The merging of two large banks is a major undertaking, and one that many of us in the financial industry have gone through multiple times. Given the market instability earlier in the year, we take time here to reflect on M&A and present some practical considerations for those involved.
The Initial Decision-Making Takes Time
The first thing to note is that once the decision is made for two banks to merge, it then takes a significant amount of time before the wider groups within the banks get involved in any integration activities. During this period, the M&A transactions are finalized, and the board engages with external consultants to develop a clear view of what the integrated organization should look like. Decisions will be taken on which businesses to keep, grow, downsize, or exit. Deliberations will take place on the overall scale of the target organization and which locations to retain as core for the merged bank.
Once these key questions are answered, the vison must be aligned with primary regulators and potentially other stakeholders, to ensure the acceptance of the strategy before proceeding.
Beginning the Journey
With a newly defined business strategy and a high-level understanding of the target organization in place, the work of moving toward the new structure and setup can begin. One of the first hurdles that has to be addressed is determining what the new leadership organization will look like. Many merged banks have taken an approach of initially agreeing on the composition of the board, then defining the organizational structure in a phased manner—looking at the structure immediately below the board, then the one beneath that (usually one month later), then down to the next (after two to three months).
This is often a period of significant anxiety for the management teams involved, since they do not necessarily know where, or if, they will fit into the new organization until these deliberations have concluded.
A key decision during this period is to define how the “integration program” will be delivered. The size of the group directly involved in the integration program is likely to be 20% to 40% of the merged organization, during the two to three years it takes to complete the program. Given the importance, scale, and complexity, many firms have taken the view that the integration team should be largely separated from the “business as usual” section of the bank(s). That way, the program can focus entirely on delivering the organization as quickly as possible. This setup introduces some important challenges, such as determining how the integration team fits into the organization post-integration. Given this type of consideration, it is usual to leverage external support to a large degree in the integration organization. This helps ensure motivation for delivery, without necessarily having large numbers of people concerned for their future post-execution. As the saying goes, “Turkeys don’t vote for Christmas.”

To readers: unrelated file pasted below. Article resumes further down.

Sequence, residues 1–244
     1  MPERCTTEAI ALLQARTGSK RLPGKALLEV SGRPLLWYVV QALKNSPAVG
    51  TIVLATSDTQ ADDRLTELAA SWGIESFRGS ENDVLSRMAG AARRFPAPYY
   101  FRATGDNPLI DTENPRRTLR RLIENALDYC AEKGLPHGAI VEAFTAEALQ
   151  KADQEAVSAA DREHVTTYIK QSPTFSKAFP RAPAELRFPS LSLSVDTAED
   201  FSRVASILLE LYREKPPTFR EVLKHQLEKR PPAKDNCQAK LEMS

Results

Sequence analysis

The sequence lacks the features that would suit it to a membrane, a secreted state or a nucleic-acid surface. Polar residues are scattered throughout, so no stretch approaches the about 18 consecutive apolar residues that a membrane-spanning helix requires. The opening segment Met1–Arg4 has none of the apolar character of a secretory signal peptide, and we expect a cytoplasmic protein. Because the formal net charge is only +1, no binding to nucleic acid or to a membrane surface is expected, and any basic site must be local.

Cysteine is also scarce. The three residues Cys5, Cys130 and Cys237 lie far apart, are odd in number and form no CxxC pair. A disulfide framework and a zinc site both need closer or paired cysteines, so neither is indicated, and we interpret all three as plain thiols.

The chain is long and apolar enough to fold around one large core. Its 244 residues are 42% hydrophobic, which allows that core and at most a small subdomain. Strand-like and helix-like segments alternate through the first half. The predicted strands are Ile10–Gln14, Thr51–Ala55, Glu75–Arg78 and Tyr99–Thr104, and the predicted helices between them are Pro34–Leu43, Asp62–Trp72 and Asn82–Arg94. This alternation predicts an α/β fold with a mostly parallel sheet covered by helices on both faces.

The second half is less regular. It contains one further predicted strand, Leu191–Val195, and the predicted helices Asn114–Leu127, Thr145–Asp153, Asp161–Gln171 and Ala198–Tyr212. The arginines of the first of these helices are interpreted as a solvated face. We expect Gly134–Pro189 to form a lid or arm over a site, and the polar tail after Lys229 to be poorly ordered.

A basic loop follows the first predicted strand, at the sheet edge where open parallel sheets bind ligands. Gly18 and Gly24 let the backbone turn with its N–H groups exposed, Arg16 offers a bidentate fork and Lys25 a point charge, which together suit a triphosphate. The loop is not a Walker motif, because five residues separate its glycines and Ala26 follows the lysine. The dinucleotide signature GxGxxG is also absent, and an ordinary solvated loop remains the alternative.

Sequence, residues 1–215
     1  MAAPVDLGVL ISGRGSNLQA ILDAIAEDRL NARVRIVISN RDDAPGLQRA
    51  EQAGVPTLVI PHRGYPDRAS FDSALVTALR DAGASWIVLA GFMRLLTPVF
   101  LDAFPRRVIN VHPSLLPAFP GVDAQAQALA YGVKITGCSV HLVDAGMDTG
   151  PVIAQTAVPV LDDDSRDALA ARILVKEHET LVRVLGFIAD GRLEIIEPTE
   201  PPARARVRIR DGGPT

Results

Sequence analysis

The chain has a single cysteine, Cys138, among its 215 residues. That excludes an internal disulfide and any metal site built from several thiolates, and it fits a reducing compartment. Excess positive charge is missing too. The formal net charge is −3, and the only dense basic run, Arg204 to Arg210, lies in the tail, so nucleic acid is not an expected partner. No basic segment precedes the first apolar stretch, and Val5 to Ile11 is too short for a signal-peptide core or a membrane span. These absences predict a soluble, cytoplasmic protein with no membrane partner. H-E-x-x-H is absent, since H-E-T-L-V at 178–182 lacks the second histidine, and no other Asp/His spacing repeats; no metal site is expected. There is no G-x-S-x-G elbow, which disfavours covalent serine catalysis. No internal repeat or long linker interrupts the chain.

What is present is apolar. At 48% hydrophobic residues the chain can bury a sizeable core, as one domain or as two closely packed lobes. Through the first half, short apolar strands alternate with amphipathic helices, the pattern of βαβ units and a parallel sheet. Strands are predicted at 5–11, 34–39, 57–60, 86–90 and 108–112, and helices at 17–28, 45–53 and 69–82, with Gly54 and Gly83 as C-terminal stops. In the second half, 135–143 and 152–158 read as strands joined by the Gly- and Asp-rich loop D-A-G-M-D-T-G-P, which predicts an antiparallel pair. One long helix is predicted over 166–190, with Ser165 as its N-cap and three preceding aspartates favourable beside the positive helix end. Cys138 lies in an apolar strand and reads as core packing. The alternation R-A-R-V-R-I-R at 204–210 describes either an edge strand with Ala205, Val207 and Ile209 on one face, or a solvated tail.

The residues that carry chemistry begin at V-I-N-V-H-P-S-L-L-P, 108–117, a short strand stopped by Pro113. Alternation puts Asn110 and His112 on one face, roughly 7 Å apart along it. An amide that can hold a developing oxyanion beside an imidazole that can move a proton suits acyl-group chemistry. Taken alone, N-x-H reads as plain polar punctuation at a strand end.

Many of us have worked within merged banks that, many years after the integration, still appear to be two banks internally from a process, platform, and data perspective. This can lead to unnecessary complexity, additional cost, and fragility. The merging of platforms, processes, and data is one of the fundamental hurdles that should be cleared during the integration period.
The application architecture within a bank is complex, with many interconnected systems. Developing these interconnections is expensive and time consuming. Large components within the architecture can often have more than 20 or 30 connections to other platforms. Some mergers have fallen into the trap of selecting “the best platform for the job” in too many cases. This can lead to a never-ending scenario where interfaces are being developed and thrown away as the target systems are moved into the target architecture on a piecemeal basis. More efficient mergers often limit this systems selection process as much as possible. A common approach is to select the applications architecture of one bank as the core of the target. New systems from the other bank are then only added on an exceptional basis, either where a new business function is added or where there is a business case to retain a specific platform.
This can be one of the pivotal choices for the whole integration.
Moving into Concrete Steps
Once the actual, concrete integration activities can begin, there are a few things that are central to the planning.